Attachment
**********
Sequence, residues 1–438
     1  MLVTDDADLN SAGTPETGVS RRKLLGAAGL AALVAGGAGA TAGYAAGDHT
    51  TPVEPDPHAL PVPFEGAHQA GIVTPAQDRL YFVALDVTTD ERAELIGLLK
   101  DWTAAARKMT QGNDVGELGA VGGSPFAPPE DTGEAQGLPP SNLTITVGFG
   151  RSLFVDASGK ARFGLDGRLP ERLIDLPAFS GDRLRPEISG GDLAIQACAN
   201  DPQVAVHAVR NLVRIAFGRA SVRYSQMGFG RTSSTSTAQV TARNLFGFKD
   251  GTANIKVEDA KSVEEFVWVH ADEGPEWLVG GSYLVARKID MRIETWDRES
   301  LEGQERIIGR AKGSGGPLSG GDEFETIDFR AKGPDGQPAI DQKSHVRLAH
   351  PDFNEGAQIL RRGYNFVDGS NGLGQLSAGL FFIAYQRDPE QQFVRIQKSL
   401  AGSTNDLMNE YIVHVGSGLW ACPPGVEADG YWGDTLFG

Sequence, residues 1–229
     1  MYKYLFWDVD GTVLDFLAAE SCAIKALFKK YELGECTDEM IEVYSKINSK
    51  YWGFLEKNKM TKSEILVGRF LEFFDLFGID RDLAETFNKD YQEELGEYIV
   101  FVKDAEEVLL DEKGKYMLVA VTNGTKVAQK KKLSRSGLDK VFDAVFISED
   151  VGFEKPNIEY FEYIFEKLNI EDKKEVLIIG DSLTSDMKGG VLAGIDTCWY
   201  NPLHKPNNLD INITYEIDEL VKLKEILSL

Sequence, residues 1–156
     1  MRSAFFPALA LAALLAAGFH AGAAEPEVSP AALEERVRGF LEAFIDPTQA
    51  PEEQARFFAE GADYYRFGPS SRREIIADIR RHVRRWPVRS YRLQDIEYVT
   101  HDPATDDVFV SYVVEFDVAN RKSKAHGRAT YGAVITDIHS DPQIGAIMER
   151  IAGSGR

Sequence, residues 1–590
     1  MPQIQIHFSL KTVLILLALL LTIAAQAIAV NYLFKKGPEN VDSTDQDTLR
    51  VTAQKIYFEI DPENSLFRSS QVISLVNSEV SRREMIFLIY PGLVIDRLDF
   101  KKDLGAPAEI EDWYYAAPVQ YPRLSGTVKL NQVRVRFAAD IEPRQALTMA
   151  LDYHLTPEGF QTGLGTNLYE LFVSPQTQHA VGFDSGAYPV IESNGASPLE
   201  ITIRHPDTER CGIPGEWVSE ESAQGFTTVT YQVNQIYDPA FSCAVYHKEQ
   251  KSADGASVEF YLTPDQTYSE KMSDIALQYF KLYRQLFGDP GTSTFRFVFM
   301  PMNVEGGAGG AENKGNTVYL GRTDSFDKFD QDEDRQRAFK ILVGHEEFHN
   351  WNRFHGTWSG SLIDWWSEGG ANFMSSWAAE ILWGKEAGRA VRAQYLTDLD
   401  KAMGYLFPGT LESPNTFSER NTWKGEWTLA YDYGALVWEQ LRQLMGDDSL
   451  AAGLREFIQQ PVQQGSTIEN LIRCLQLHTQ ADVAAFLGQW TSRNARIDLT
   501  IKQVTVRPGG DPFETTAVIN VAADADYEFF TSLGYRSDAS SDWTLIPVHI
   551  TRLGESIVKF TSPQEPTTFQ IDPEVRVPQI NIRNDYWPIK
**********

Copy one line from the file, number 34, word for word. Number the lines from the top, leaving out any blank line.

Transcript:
   551  TRLGESIVKF TSPQEPTTFQ IDPEVRVPQI NIRNDYWPIK